Our 92-year-old farmhouse was in decent shape but far from perfect. We had minor structural issues, some damaged joists, second-rate plumbing and a deteriorated porch ceiling. The contractor has repaired these issues.
Contractors excavated the area along the back foundation wall (and part of the sidewalls), repaired the mortar joints, applied two coats of asphalt-based sealant and added a heavy-duty waterproofing membrane and perforated PVC drainpipe. They then covered the drain with ¾-inch stones and filter fabric and back-filled the dirt.
The new exterior drainpipes connect to the sump pump. As an added bonus, the workers extended the sump pump discharge to a drywell where the water will seep into the soil slowly. They also connected the downspout to the drywell.
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With the surprises behind us (fingers crossed), we hope to get back on track with the deck, entry staircase and interior finish work. Progress has been sporadic.
The subs have installed all the windows, sanded the wood floors, installed most of the recessed lights and bath fans, installed the tub, built the custom shower pan, hung the cement board and tiled the bath walls. They also installed the electric floor-warming system in both bathrooms and started the drywall repairs throughout the house.
There was a hiccup with the window trim. The workers rushed the job, so a handful of the windows were poorly done. We requested that they redo it. I grew impatient and decided to redo them myself, so the carpenter has a template for how we want the rest redone.
We also failed our first plumbing inspection due to a couple of minor issues. The existing laundry room had a two-inch waste pipe, but the inspector asked that we upgrade to a three-inch. In addition, he asked the contractor to beef up the wall insulation behind the water line to the refrigerator and add insulation to the pipe. These fixes are done; we’re waiting for a new inspection to confirm the work.
Progress has been made on the kitchen design. Originally, we toyed with the idea of using Ikea for our cabinets, but the brand’s limited sizes did not maximize the space. Plus, we switched gears when we considered doing cobalt or robin’s egg blue — a color Ikea does not offer. Then we decided to go with a colored range, so we changed our minds again. White was a little too predictable. Instead, we chose painted gray/stone.
We found the perfect color from American Woodmark, a Winchester, Va.-based company that sells its products under different brands at Home Depot and Lowe’s. We opted for painted maple — which is a great substrate for painted cabinets — and upgraded to thicker plywood boxes and solid-wood drawers with dovetail joints.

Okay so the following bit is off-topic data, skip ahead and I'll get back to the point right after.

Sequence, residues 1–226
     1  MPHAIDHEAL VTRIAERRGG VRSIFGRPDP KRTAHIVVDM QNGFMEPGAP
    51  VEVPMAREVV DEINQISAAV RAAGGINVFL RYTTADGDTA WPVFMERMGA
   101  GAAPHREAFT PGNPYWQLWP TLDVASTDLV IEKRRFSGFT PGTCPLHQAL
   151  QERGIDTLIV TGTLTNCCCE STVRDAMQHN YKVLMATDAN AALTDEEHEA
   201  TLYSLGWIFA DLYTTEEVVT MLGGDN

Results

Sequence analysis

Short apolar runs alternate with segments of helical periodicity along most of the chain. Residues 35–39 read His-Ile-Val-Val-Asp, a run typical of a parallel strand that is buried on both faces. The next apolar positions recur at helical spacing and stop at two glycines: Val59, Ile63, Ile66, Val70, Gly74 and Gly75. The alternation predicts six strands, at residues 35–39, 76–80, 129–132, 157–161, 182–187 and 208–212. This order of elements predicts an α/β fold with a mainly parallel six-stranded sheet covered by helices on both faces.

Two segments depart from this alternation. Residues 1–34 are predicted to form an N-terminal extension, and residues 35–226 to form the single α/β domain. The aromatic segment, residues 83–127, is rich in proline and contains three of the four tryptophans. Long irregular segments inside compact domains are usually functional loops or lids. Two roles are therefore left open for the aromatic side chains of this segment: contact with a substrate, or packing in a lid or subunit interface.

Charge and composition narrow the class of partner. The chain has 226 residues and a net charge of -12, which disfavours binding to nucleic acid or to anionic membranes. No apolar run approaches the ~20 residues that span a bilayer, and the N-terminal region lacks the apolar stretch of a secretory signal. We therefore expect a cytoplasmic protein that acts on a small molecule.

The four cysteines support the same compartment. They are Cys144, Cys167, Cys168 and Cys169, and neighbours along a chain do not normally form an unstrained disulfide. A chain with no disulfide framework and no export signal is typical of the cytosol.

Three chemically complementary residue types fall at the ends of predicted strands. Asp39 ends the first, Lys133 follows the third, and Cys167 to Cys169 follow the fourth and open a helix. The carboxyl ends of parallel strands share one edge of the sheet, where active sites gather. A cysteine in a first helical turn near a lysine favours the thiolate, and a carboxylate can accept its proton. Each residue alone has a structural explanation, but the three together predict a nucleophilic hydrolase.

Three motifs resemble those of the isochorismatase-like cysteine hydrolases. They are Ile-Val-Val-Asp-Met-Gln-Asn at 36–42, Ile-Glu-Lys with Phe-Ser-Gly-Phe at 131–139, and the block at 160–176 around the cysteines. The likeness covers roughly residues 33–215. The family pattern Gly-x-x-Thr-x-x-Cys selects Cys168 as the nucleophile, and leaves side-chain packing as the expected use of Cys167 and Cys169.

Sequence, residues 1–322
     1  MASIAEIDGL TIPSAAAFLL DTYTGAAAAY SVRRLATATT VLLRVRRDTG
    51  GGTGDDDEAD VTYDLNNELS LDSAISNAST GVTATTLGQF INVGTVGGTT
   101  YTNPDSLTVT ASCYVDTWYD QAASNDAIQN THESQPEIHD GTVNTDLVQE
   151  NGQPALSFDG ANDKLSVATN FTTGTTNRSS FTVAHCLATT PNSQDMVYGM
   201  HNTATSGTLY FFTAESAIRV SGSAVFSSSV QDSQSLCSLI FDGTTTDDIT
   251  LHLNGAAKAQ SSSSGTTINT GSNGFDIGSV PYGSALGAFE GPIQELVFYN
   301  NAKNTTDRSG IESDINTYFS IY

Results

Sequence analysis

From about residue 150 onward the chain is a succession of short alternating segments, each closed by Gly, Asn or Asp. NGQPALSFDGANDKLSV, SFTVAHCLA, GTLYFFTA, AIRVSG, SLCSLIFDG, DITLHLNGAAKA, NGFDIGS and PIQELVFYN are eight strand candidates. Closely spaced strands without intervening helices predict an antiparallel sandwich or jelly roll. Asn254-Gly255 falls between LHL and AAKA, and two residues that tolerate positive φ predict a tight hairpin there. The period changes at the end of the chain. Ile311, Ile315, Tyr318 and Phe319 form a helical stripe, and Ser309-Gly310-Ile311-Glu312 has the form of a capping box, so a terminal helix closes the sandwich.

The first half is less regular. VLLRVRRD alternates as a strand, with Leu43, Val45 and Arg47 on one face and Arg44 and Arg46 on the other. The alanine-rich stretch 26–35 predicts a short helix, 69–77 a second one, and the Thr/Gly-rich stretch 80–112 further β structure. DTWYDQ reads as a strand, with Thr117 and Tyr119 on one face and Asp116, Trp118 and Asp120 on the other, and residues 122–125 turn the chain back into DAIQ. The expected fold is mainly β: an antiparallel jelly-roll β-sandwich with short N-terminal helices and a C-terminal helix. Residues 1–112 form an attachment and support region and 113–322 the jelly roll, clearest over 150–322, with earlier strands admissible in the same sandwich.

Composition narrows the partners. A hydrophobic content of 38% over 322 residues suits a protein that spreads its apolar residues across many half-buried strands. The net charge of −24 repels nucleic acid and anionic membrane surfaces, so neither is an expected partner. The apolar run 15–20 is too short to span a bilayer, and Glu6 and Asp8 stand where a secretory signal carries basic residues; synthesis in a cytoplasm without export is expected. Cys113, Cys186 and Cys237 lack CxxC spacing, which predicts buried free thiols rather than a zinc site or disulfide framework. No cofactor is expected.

Our kitchen designer, Hans M. Aguilar, at the College Park Home Depot gave us an efficient design that includes 42-inch uppers, a 48-inch island with pullout trash bins, and a few glass-front doors. We’re using a cabinet panel to cover the dishwasher because it gives the kitchen a built-in look.
That is one of the goals of the remodel: a high-end look that doesn’t break the bank. Based on years of interviewing architects and designers, we’re using some simple strategies to further that goal.
The first thing is consistency of materials and wood species. Renovations often seem disjointed because different rooms often have different finishes.
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We want uniformity, so we’re using lever door handles and polished chrome on all hardware and faucets; the same light fixtures in all the bathrooms; the same flush-mount light fixtures in the foyer, upstairs hall and master bedroom; the same ceiling fan in the living room and master bedroom; and the same Carrera marble floor tiles in the main and master bathrooms. The bathroom wall tiles are from the same product line — gray in the main bath and white in the master.
The wall-hung bath vanities and pulls also will be similar. We purchased the master bath unit (in oak veneer), but I made the two units for the powder room and main bath in a similar style. Additionally, I made the bathroom mirrors and the sliding doors to the laundry in the same shaker-style panel as the kitchen cabinets.
In the kitchen, we opted for a 30-inch refrigerator that measures 80 inches tall and 24 inches deep to give the look of a truly built-in unit. The different flooring materials will be as level as possible with no thresholds, so the existing wood floor will be completely level with the new wood floor in the kitchen and the new tile in the powder room. (The bath floors will be about 1/8 of an inch higher than the wood floors because of the floor-warming system.) Finally, the kitchen and bath countertops will be the same Calacatta Gold quartz.
We had expected to have the house completed by the middle of March, but that is now unlikely. In October, we applied for a new gas line from the street to the house, and the process took about three months. But we are still waiting for them to add the meter and finalize the process.
Without the gas, we have no furnace to warm the house. A warm house speeds the drying of the drywall mud, and it allows the new wood floor to acclimate to the temperature of the house before the contractor installs it. Until Washington Gas turns on the juice, we are in a holding pattern twiddling our thumbs.
Nigel F. Maynard is an architecture and design writer/editor who temporarily lives in New Carrollton, Md., with his wife, Stephenie, and their 140-pound harlequin Great Dane, Yeager. Over the next few months, he will chronicle their experiences renovating a 1924 farmhouse in historic Hyattsville where they eventually will move.